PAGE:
Next » Impressions Continued

About the author: Brian Mullin

Brian likes to push the limits in all the sports he obsesses in, whether it's mountain biking, whitewater kayaking, skiing, or sport climbing. He takes those same strengths and a good dose of insanity to his reviewing and writing on mountain biking products, creating technical, in-depth articles. Whenever he's not on the bike, he might be found watching MotoGP racing, otherwise look for him out on the trail.

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  • Justin says:

    “Another issue which is not Yeti’s fault, is that the Fox RP23 rear shock with the High Volume sleeve bottoms out too easily”

    How ISN’T that their fault? They spec’d it with a certain sleeve and compression damping spec…

  • Brian Mullin says:

    Like many other bike manufacturers, they’re tied to Fox (for whatever reason), the larger stroke RP23′s all use the High Volume sleeve (as does most shock companies), the air sleeves are the source of the problems causing the need to run excessive air pressure, and they bottom out too easily. I think a volume reducer might help some? PUSH Industries is supposed to be doing this with the Rock Shock Monarch at some point in time? Yeti is sort of stuck with what Fox offers, price and design constraints left them with the XV RP23 8.5×2.5″ (Medium compression). I think Fox needs to do more design work on the RP23 for use on the 6+ to 7″ bikes, since it’s roots were more in less than 6″ bikes. I would love to try a coil on the rear, but the weight difference sort of puts a damper (pun) on it. Again, most of the shock companies have been rolling their research into the piggyback and coil systems for these type of bikes.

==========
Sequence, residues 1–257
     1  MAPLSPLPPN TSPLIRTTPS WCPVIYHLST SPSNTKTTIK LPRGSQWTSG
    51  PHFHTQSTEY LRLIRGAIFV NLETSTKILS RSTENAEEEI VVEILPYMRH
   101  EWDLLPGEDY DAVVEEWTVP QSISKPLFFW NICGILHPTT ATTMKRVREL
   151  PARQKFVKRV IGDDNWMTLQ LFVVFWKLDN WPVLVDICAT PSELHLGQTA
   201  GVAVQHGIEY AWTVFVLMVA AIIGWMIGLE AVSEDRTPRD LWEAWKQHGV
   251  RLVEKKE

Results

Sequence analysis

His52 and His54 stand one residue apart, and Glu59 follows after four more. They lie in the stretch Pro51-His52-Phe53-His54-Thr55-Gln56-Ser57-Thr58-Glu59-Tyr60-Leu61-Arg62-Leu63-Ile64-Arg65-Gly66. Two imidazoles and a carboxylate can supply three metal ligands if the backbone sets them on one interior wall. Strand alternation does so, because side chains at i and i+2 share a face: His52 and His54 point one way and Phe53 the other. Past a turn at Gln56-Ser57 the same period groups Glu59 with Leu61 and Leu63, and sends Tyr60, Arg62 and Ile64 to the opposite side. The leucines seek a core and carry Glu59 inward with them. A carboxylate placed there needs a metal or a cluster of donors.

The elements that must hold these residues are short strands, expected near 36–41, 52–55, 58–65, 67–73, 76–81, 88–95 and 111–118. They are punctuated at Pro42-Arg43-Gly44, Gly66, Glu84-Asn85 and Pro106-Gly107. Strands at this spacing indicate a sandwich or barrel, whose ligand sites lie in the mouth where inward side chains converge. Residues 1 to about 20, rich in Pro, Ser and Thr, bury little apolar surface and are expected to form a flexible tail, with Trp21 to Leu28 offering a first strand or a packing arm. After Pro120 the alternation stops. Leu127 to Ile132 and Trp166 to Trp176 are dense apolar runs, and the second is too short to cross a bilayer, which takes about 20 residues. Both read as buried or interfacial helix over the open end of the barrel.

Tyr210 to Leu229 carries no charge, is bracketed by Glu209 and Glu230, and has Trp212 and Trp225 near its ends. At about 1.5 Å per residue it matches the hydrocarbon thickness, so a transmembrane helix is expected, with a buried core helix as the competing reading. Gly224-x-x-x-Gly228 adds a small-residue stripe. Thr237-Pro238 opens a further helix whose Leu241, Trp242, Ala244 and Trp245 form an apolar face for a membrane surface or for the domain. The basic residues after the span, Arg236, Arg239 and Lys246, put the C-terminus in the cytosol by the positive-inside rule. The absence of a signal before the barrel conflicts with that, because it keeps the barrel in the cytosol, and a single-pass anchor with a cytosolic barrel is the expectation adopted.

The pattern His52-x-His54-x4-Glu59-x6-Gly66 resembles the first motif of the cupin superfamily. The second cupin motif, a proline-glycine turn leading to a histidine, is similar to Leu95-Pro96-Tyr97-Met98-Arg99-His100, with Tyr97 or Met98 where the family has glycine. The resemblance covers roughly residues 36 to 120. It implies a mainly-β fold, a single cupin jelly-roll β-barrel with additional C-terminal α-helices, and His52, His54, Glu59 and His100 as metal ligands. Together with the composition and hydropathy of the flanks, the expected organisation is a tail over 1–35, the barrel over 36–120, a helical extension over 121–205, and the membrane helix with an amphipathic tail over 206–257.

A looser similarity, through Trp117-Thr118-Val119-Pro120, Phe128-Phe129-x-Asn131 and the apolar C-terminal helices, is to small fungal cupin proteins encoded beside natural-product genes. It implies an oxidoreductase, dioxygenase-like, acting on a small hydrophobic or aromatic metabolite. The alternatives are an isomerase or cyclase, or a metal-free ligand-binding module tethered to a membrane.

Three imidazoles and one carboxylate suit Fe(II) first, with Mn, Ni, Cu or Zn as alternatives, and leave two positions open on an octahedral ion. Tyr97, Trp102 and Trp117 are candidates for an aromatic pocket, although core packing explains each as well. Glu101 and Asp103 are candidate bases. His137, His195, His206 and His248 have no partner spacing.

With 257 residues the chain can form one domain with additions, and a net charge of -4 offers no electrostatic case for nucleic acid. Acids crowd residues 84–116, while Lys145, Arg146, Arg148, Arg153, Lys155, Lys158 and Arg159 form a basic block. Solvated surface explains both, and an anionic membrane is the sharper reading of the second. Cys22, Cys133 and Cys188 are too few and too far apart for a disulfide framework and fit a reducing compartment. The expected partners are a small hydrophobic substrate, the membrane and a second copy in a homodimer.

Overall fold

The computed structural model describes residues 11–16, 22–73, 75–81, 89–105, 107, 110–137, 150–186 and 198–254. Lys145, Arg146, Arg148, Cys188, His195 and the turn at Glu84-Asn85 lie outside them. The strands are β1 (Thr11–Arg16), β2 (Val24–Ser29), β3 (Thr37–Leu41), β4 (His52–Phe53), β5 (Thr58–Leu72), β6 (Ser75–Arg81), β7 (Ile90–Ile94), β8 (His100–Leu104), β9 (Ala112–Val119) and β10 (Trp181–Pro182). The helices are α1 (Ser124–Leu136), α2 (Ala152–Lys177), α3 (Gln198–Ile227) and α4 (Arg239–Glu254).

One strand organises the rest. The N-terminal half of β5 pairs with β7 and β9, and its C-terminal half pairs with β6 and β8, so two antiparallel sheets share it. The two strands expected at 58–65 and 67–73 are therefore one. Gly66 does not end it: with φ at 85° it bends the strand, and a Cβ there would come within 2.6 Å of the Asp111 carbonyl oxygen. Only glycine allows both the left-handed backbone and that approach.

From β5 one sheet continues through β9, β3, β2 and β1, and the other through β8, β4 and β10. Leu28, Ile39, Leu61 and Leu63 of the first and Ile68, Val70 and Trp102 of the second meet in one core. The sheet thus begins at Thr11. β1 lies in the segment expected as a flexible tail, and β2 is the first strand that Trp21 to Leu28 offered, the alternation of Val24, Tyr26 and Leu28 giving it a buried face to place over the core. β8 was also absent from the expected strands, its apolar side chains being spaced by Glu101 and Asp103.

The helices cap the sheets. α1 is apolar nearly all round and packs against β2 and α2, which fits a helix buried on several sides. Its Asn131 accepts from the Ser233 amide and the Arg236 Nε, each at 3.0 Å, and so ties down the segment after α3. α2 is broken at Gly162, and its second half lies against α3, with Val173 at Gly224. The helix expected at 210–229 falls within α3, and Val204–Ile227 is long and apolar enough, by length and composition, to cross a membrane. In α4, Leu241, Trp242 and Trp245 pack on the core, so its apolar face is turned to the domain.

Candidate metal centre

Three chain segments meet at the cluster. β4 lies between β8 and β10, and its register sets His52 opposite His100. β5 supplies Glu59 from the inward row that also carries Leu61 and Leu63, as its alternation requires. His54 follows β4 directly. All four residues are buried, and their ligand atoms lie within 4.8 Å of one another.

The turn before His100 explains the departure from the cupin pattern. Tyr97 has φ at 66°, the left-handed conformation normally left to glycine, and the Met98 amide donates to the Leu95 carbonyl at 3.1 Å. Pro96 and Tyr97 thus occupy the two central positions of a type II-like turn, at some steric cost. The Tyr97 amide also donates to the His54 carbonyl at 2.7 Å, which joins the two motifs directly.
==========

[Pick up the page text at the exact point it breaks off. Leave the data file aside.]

Update: you can special order or swap out the sleeves if desired, but I am unsure if the change will solve the issue?

  • Ben says:

    I have an ASR7 and I am really struggling to put my finger on what makes this bike so slow to turn in tight situations. Do you have any thoughts?